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You Can’t Overestimate the Importance of Sleep

From USA Today Monday, March 3, 2008, Stephanie Armour:

Lack of sleep catches up with today’s workforce

U.S. workers are silently suffering from a dramatic lack of sleep, costing companies billions of dollars in lost productivity, says a study out Monday.

Nearly three in 10 workers have become very sleepy, or even fallen asleep, at work in the past month, according to a first-ever study on sleep and the workplace by the non-profit National Sleep Foundation. The late-2007 survey was based on a random sample of 1,000 workers.

“It’s a very expensive issue for employers, and it can be fatal, too,” says Nilesh Dave, medical director of the Sleep and Breathing Disorders Center at the University of Texas Southwestern Medical Center in Dallas. “The 24/7 global economy means work is now around the clock.”

About 70 million Americans have a problem sleeping, according to the NSF. Some employers, such as Union Pacific (UNP) railroad, are so concerned that they’re now allowing workers to nap on the job. Employees also say it’s a significant issue, causing them to drive drowsy or even fall asleep at their desks.

Ursula Forhan, 53, of Chicago, used to fall asleep at her desk. She was treated for sleep apnea and says she has no problems today.

“I would take a nap on the floor of my office, and my boss was so tolerant he would step over me,” says Forhan, a paralegal in Chicago. She used to drive for work and had to roll down the windows to stay awake.

Among the survey’s findings:

Dangers on the road. Thirty-six percent of respondents say they have nodded off or fallen asleep while driving, including 26% who say they drive drowsy during the workday.

Work performance. Twelve percent of respondents have arrived late to work in the past month because of sleepiness. Other problems cited: impatience with others, difficulty concentrating on job tasks and lower productivity.

•Work hours. Employees with more than one job report the highest rate of dissatisfaction with sleep: 43% say they get a good night’s sleep only a few nights per month or less. Part-time workers report the highest rate of sleep satisfaction.

Several factors are driving the trend toward sleepier employees. Employees are putting in longer hours, in part due to increased pressure from employers to ramp up productivity. The study found that one-fourth of respondents have a workday that lasts between eight and nine hours, and another fourth say they work up to 10 hours a day.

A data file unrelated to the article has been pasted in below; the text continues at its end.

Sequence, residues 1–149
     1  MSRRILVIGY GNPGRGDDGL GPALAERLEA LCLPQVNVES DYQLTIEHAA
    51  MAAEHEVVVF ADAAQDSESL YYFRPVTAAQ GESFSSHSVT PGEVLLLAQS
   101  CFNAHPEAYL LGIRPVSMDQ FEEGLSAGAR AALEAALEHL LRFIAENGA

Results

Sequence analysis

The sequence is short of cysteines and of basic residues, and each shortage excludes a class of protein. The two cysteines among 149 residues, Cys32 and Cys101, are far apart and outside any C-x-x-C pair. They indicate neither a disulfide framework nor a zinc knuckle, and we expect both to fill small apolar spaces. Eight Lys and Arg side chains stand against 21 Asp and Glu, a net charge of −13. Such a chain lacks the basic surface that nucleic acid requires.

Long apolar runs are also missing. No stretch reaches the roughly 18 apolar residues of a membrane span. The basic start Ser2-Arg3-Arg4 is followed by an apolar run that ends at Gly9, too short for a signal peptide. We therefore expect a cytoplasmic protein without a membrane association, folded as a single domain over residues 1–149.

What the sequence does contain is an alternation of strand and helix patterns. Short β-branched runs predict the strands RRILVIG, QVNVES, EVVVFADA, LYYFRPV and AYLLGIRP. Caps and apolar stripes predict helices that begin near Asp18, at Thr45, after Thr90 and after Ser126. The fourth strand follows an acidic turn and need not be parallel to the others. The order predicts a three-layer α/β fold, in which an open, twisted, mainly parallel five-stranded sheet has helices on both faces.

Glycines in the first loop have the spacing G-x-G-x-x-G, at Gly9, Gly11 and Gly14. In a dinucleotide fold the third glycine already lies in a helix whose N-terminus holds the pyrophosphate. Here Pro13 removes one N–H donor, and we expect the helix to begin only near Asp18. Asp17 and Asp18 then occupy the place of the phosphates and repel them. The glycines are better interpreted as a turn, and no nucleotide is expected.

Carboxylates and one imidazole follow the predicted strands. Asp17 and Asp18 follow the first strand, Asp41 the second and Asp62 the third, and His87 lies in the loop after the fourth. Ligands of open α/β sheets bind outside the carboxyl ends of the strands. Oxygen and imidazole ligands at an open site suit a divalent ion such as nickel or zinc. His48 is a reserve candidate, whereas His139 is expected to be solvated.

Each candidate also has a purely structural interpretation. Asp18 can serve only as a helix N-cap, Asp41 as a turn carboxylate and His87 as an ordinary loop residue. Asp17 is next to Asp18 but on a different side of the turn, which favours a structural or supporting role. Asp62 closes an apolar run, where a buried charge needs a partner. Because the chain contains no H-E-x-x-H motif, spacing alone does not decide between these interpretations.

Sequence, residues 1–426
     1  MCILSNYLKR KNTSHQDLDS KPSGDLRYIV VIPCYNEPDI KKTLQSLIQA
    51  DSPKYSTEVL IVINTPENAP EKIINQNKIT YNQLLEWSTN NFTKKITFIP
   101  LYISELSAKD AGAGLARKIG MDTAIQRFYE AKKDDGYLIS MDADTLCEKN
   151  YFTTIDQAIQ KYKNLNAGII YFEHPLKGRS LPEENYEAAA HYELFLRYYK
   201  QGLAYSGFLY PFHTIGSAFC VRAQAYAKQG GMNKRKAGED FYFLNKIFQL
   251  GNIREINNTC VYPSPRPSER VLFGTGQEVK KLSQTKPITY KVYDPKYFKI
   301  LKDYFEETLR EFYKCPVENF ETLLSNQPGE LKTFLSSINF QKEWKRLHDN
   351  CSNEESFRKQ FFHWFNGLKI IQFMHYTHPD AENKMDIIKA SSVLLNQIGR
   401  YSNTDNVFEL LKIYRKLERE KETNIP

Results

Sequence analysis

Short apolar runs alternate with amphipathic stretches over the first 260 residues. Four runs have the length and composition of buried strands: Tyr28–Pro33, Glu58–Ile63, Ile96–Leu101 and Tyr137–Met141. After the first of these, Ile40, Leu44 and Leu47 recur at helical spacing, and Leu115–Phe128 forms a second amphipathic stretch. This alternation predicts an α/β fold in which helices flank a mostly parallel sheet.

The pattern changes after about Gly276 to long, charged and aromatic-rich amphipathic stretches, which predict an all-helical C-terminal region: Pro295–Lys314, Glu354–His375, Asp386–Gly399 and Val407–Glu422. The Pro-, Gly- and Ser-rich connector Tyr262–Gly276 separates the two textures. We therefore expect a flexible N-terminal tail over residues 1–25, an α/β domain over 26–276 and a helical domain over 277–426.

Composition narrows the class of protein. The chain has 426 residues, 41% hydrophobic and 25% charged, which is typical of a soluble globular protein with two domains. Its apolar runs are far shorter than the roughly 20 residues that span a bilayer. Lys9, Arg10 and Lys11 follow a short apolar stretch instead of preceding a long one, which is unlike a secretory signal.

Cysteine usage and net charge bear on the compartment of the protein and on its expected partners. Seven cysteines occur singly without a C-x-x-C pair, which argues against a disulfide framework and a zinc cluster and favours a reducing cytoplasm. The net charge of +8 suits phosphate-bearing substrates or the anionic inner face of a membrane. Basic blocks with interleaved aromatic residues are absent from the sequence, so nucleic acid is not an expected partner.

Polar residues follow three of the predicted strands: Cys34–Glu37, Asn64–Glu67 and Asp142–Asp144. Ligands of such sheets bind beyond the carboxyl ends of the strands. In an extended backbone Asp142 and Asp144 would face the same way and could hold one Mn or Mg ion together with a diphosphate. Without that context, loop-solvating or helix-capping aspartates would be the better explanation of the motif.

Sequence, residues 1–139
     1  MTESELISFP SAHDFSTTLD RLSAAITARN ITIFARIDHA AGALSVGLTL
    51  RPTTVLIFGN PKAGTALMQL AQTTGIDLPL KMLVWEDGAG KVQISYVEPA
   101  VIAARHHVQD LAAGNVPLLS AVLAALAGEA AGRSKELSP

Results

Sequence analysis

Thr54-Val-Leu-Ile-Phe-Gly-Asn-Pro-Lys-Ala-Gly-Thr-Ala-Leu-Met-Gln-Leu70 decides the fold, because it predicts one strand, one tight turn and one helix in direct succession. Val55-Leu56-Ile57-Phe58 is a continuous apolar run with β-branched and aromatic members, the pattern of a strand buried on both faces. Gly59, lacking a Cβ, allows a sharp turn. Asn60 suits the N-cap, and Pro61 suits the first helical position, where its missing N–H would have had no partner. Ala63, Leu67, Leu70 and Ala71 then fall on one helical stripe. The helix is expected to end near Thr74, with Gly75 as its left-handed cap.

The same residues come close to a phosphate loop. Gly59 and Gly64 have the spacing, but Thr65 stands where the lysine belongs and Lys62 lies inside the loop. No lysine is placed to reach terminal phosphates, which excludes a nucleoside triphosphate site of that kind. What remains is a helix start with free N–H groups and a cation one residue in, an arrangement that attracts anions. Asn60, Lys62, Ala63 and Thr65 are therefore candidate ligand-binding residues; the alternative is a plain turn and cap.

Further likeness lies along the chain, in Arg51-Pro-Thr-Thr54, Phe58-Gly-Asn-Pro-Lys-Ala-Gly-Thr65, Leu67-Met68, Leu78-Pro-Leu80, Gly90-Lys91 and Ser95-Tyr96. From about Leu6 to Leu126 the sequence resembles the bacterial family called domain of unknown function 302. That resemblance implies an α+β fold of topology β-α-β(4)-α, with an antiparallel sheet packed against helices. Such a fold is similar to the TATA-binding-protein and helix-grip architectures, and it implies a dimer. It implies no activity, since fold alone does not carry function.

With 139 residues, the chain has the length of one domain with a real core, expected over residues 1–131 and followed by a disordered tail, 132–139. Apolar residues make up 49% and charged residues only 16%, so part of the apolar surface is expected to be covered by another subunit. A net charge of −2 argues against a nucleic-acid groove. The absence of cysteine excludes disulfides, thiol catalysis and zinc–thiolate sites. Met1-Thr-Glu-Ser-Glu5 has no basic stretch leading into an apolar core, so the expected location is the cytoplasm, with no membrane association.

Technology, which is supposed to enhance productivity, has also required employees to be available. “You’re not disconnecting except when you hit the pillow,” says Mark Rosekind, a consultant who worked on the survey.

SLEEP-DEPRIVED STAFFS 
Workers who have:
Nodded off or fallen asleep while driving: 36%
Fallen asleep or become very sleepy at work: 29%
Been late to work because of sleepiness: 12%
Source: National Sleep Foundation
2008 Sleep in America Poll
telephone survey of 1,000 respondents
Sept. 25-Nov. 19.
Margin of error +/-3.1 percentage points

 

I saw this article today and thought it was applicable to everyone: the workforce, parents, kids. How can we be at our best without a good night of sleep to recharge from a long day? The answer is simple: I don’t think anyone can function optimally without sleeping optimally.

Ask yourself these questions:

How long does it take you to fall asleep?

Can you wake up easily when you need to in the morning?

Are you alert and awake during the day?

Do you frequently need to nap during the day?

Answer these questions honestly and then evaluate if you need to take the quality of your sleep more seriously to reach your goals.

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4 Responses to “You Can’t Overestimate the Importance of Sleep”

  1. bmeiers said:

    Up until three and a half years ago, the only way I was able to get restful sleep was with the aid of a CPAP (Continuous Positive Airway Pressure) machine. Suffering from Obstructive Sleep Apnea for years, the CPAP gave me my first quality sleep in over a decade.

    My apnea was corrected after I lost 150 lbs. The poor sleep and the machine are both things of the past.

    The one thing that will stay with me, though, is the feeling of complete restoration I felt once I was able to get good sleep.

    Sleep=good. Good sleep=great.

  2. Roman K said:

    Hi Bill,

    I really like the blog. As athletes we learn so much about taking care of our bodies and I think its great that you are sharing your years of experience with everybody. Given how busy and stressful most peoples’ lives are I think its so important for people to take care of their bodies and minds.

    Roman K

  3. admin said:

    wow b meiers, awesome job getting lean. Great to hear that it has improved the quality of your sleep! Healthy body composition can definitely help encourage healthy sleep habits so I hope your information helps some people here.

    Roman K, thank you for the comment. Awesome to hear from you as an athlete!

  4. Matt said:

    Is there a way to contact Bill for a movie role? I am trying to find his agent or manager info. Thanks.

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